Recovery mechanisms should be set up such that they can resume operations without losing data integrity in the occurrence of a load failure. Data warehouse administrators must keep an eye on, resume, or cancel loads based on the current server performance.
There are three loading methods:
Initial Load: which involves loading up all the Data Warehouse tables
Incremental load: Applying continuous modifications as necessary in a recurrent manner.
Full Refresh: erasing the information in one or more tables and loading new information.
4- Technical aspects of the ETL Process
The following must be carefully considered while creating your ETL processes:
Correct Data logging: It’s crucial to ensure that your data system performs “accurate logging” of new data. You must audit the data after loading to look for faulty or missing files to ensure proper recording. When problems with data integrity develop, you may troubleshoot your ETL process by using correct auditing processes.
Structured and unstructured data compatibility: Your data warehouse may need to combine data from several disparate, incompatible sources, including PostgreSQL, Salesforce, Cassandra, and internal finance applications. There’s a chance that some of this data lacks the analytically necessary data structures. To address these issues, you must build your ETL process compatibility with structured or unstructured schema.
Reliable and Stable System: ETL pipelines can get overloaded, crash, and have other issues. To ensure that your data can travel without being lost or damaged even in the face of unforeseen challenges, your objective should be to develop a fault-tolerant system that can resume after a shutdown.’
Alert Enabled System: An alert system that warns you of possible issues with the ETL process is necessary to guarantee the accuracy of your business insights. For instance, you’ll want to get alerts and reports on things like expired API credentials, third-party API problems, connector errors, general database errors, and more.
Fast Data Acceleration Techniques: Data warehouses and BI systems can provide better, more accurate insights at a moment’s notice when they have access to current data. Because of this, it’s critical to concentrate on reducing data latency, or the time it takes for a data packet to transit from one part of the system to the next.
Growth adaptability: Your ETL solution should have the ability to scale up and down in response to the shifting data requirements of your firm. As a result, processing and storage costs on cloud servers will be reduced, and scaling up as needed will be possible.
Incremental Loading Support: By enabling incremental loading, change data capture (CDC) speeds up the ETL process. This enables you to update a small portion of your data warehouse while maintaining data synchronization.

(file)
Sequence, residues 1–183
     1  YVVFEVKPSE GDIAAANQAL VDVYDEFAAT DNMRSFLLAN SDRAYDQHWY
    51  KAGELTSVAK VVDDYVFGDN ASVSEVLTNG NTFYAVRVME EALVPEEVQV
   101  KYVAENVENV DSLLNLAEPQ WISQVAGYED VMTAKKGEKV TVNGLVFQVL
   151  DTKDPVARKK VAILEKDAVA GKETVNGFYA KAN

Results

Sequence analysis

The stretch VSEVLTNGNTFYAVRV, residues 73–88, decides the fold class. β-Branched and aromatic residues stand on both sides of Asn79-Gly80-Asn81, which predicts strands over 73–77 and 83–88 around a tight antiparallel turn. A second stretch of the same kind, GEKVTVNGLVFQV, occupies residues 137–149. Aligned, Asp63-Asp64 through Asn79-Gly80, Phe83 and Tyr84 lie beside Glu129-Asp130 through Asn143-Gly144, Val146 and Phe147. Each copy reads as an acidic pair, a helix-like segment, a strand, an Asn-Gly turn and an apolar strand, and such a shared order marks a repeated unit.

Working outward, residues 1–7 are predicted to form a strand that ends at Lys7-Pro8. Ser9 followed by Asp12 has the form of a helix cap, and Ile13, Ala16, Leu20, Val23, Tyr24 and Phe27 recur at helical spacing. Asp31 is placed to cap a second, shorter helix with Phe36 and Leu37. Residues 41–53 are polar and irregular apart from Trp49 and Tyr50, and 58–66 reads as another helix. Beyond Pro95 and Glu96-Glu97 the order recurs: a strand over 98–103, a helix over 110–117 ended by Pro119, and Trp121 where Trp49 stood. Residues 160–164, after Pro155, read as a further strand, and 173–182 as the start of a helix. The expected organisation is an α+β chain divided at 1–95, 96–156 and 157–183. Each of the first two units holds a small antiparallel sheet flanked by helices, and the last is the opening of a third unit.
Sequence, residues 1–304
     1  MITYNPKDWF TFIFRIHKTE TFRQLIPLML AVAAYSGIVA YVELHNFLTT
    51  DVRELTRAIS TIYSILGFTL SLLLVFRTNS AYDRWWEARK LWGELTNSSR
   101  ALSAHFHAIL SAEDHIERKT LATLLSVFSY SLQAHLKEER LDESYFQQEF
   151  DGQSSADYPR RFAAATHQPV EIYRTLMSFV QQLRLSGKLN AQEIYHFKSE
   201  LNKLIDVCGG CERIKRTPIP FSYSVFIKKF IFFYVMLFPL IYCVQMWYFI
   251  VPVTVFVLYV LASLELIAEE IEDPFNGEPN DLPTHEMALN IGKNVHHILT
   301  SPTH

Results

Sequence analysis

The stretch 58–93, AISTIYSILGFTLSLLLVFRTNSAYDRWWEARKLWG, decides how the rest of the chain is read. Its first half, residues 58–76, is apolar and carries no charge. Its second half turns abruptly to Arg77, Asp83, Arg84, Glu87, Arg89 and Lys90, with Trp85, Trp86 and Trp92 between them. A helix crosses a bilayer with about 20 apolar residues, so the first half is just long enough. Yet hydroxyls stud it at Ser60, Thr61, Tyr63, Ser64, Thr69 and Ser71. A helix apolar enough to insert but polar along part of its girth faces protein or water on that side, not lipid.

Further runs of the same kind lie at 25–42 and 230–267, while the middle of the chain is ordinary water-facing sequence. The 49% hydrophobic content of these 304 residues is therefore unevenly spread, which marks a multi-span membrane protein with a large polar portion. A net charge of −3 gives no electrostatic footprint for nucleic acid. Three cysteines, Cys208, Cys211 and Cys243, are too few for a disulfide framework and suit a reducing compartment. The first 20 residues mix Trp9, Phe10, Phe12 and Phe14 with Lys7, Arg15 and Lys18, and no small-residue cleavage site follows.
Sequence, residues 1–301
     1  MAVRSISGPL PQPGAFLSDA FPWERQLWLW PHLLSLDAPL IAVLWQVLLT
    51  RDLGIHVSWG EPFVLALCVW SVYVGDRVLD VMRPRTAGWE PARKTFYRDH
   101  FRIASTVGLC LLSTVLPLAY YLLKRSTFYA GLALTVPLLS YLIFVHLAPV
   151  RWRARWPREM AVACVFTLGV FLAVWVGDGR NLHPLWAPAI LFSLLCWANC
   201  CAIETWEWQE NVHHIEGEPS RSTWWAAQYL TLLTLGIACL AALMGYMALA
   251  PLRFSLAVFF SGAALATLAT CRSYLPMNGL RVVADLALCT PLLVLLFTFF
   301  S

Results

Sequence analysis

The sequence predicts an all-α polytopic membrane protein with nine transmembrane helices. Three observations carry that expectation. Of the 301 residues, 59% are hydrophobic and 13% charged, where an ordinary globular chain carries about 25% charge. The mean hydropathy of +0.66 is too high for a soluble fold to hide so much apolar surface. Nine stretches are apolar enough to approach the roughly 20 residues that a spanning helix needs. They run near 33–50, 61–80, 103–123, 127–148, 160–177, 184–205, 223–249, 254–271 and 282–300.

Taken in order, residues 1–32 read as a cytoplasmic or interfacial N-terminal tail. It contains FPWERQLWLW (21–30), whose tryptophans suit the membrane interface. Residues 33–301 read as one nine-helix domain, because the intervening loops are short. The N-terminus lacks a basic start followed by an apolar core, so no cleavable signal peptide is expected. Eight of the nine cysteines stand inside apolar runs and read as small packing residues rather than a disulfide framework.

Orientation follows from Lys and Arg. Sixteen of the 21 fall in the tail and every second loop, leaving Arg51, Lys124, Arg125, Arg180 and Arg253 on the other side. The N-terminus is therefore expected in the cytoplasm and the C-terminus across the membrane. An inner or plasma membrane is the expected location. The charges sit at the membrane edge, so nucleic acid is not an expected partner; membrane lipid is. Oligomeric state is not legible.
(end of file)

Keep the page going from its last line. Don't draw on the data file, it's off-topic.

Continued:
5- ETL Vs. ELT
The order of operations between ETL and ELT differs significantly, which is the most noticeable distinction. ELT exports or copies the data from the sources, but instead of putting it into a staging area for transformation, it loads the raw data straight into the destination data store to be modified as required.
Although both methods make use of different data sources, including databases, data warehouses, and data lakes, each approach has pros and cons. ELT is especially helpful for large, unstructured datasets since it allows for direct source loading. Since ELT requires less advanced preparation for data extraction and storage, it may be more suitable for big data management. On the other side, the ETL process needs greater clarity from the start. To extract certain data points from various source systems, as well as any potential “keys” to integrate them, certain data points must be discovered. The creation of the business rules for data transformations is still required even after that task is finished. The amount of summarization that the data requires will rely on the data requirements for a particular form of data analysis, which might often depend on this effort. ELT has its drawbacks
because it is a relatively recent technique, meaning that best practices are still being developed, although growing in popularity along with the adoption of cloud databases.
6- ETL Tools
There are numerous ETL tools are available in the market. Here are some of the most notable ones:
Mark Logic is a data warehousing system that uses a variety of corporate capabilities to simplify and accelerate data integration. It can query several sorts of data, including relationships, documents, and metadata. It can query a variety of data types, including relationships, documents, and metadata.
The most widely used database is Oracle. Both on-premises and in the cloud, it provides a wide range of options for Data Warehouse solutions. Improving operational effectiveness, aids in optimizing the client experience. Improving operational effectiveness contributes to the improvement of consumer experiences.
Redshift is a data warehousing product from Amazon. Using common SQL and current BI tools, it is an easy and reasonably priced solution for analyzing various forms of data. Additionally, it enables the execution of advanced searches against petabytes of structured data.